The industry’s third-best performer was Danish market-neutral fund Formue Nord Markedsneutral with a return of 13.6 percent last year. “2018 has been a great year for Formue Nord Markedsneutral with strong alpha generation,” portfolio manager Rasmus Viggers tells HedgeNordic. “We are very pleased that we are able to stay uncorrelated to stock markets even in challenging years such as 2018, and we are working hard to keep up the good momentum in 2019,” he adds.

Formue Nord Markedsneutral mainly focuses on providing capital to listed small- and midcap companies on flexible terms but also takes long positions in public companies believed to be mispriced. The fund neutralizes the beta exposure by getting short exposure to a basket of futures on stock market indices. The Formue Nord team was involved in 150 transactions last year, underwriting more than 50 rights issues and providing short-term financing to more than 20 listed companies. “Our goal for 2019 is to keep delivering returns that are uncorrelated to the stock markets and focus on the areas where we believe we have an edge,” Viggers comments on the team’s plans for this year.

Ress Life Investments (2018 return: 9.9 percent)

Its best annual return since launching in early 2011 put Ress Life Investments in the fourth spot on the performance table for last year. The alternative fund that invests in the secondary market for U.S. life insurance policies gained 9.9 percent last year, “as more policies and larger policies paid off during the year” according to Jonas Mårtenson, Founder and Head of Sales at Ress Capital.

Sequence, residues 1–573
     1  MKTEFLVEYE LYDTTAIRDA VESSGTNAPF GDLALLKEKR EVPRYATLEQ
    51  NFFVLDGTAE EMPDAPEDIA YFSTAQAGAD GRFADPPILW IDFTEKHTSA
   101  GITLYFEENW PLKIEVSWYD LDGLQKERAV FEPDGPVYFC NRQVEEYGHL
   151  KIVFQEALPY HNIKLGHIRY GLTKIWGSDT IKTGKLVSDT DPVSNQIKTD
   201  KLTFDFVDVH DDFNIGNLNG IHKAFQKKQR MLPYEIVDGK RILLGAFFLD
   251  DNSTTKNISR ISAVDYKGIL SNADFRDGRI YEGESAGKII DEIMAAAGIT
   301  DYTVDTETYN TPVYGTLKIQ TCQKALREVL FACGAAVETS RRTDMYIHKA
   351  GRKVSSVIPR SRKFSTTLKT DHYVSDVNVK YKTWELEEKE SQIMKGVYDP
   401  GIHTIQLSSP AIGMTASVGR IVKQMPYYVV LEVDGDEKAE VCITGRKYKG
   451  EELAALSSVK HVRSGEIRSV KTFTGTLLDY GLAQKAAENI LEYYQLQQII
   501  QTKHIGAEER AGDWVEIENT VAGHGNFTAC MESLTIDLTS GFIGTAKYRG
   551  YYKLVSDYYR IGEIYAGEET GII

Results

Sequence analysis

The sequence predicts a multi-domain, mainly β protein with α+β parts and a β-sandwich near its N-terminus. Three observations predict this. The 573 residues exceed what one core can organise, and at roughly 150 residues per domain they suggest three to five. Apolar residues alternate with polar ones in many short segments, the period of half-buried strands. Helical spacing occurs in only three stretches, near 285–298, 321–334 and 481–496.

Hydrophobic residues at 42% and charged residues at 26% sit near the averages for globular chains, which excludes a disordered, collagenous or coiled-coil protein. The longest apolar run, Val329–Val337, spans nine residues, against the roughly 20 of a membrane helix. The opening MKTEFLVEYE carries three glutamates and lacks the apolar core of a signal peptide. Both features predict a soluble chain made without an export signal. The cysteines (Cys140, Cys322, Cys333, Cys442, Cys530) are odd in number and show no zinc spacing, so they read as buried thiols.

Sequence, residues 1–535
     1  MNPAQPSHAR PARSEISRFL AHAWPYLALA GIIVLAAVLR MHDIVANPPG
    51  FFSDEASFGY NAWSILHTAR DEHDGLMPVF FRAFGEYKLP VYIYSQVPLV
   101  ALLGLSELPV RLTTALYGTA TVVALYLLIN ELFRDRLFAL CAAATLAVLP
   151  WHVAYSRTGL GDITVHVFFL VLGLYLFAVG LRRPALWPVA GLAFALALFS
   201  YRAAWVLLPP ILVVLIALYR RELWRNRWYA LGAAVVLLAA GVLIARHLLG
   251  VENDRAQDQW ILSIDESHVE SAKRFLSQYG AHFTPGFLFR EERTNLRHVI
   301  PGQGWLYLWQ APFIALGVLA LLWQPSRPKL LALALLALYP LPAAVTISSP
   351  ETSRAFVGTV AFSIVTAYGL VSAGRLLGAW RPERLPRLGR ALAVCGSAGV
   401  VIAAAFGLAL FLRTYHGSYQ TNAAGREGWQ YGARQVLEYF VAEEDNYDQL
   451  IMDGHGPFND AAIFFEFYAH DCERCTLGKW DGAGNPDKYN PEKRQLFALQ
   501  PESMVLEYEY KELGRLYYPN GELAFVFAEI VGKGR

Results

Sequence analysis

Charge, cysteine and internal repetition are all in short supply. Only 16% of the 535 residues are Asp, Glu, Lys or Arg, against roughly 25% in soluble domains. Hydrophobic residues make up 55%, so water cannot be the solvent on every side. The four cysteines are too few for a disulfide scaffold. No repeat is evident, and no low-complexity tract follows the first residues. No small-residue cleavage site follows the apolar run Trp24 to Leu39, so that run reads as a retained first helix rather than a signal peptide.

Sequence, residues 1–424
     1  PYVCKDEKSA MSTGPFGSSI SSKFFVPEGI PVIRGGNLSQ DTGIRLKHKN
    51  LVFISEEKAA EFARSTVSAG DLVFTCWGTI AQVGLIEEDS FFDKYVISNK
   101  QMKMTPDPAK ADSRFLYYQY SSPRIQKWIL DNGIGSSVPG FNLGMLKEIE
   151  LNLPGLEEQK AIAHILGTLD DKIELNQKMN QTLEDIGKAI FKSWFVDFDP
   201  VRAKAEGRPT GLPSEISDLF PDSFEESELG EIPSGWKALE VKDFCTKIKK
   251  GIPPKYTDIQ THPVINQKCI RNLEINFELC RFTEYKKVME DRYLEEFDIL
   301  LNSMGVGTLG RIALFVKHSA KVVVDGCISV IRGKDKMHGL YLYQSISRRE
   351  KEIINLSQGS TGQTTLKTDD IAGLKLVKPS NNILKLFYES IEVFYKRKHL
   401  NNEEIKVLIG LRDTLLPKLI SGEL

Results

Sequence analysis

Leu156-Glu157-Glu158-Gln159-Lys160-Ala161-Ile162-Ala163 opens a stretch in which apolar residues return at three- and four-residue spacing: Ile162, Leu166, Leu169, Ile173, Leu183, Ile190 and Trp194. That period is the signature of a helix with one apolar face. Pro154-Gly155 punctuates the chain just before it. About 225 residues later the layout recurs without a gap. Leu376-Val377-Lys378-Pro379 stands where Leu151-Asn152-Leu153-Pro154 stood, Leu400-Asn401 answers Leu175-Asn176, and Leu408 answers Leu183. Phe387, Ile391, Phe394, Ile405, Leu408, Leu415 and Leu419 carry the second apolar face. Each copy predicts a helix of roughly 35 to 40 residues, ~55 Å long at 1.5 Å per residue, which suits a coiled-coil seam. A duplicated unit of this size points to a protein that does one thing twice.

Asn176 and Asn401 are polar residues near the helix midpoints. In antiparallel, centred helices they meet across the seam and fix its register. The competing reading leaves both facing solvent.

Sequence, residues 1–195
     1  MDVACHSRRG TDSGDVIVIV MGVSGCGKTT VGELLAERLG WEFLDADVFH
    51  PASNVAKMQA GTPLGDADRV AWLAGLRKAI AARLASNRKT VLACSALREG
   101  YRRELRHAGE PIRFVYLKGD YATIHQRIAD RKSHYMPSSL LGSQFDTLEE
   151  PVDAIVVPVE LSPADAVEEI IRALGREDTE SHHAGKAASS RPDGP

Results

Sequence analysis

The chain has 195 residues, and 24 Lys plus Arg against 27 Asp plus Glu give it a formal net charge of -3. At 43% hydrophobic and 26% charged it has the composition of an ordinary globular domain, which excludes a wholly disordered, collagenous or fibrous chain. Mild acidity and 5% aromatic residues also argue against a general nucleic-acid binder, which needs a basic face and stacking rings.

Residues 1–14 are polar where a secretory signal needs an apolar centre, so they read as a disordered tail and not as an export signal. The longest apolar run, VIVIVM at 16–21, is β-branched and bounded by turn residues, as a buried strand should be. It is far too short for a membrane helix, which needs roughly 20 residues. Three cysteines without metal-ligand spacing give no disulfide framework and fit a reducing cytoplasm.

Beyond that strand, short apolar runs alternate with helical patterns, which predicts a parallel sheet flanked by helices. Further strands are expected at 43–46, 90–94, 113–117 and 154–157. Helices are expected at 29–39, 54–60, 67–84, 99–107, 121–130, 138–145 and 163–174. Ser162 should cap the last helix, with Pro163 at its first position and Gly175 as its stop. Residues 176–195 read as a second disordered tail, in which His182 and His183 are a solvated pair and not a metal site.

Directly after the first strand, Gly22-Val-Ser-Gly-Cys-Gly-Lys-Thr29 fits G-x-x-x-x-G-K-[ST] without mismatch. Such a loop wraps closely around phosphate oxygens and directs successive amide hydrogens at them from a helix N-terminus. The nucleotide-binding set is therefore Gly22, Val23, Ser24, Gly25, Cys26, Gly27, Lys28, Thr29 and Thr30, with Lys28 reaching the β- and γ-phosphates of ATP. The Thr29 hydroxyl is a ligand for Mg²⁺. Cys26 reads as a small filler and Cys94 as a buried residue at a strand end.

Ress Life Investments purchases unneeded life insurance policies from their original owners and pays premiums as policy beneficiary until the insured person passes away and the policy pays out. The fund targets an annual return of seven percent without any leverage, but Mårtenson reckons they might have been too conservative with their original return expectations. “Last year, we delivered on our promise to provide investors with uncorrelated returns in volatile markets,” he tells HedgeNordic. Talking about expectations for the current year, Mårtenson says “just because we had our best annual return last year, it does not mean we have lower expectations for 2019. We might even do better this year.”